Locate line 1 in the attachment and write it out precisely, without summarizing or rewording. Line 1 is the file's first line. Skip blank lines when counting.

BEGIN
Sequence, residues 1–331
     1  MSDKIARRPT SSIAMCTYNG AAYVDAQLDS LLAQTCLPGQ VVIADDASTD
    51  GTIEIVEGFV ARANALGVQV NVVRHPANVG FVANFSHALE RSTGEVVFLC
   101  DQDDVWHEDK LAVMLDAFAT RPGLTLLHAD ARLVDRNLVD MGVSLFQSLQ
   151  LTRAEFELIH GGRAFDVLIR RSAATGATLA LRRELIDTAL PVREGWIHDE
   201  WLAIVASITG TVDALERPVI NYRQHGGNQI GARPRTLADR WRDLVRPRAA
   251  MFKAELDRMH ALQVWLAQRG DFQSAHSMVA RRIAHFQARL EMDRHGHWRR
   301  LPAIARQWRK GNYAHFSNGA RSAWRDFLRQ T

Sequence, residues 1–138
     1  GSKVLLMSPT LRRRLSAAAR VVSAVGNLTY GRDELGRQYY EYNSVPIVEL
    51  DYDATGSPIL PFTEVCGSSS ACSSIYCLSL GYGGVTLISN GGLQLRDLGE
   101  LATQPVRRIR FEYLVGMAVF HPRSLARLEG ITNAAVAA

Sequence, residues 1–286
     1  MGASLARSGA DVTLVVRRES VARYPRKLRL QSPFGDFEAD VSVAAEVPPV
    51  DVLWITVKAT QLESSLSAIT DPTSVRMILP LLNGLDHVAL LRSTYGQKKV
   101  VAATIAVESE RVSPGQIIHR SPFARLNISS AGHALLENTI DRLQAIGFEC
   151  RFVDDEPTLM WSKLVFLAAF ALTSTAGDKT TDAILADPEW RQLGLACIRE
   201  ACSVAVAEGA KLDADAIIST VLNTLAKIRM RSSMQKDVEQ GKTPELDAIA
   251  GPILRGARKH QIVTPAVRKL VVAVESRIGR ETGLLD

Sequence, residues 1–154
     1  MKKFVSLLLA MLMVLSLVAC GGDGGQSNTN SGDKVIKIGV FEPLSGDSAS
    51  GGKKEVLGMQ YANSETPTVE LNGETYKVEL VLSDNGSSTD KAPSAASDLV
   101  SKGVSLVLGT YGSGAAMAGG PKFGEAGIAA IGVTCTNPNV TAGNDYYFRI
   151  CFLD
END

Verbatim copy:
Sequence, residues 1–331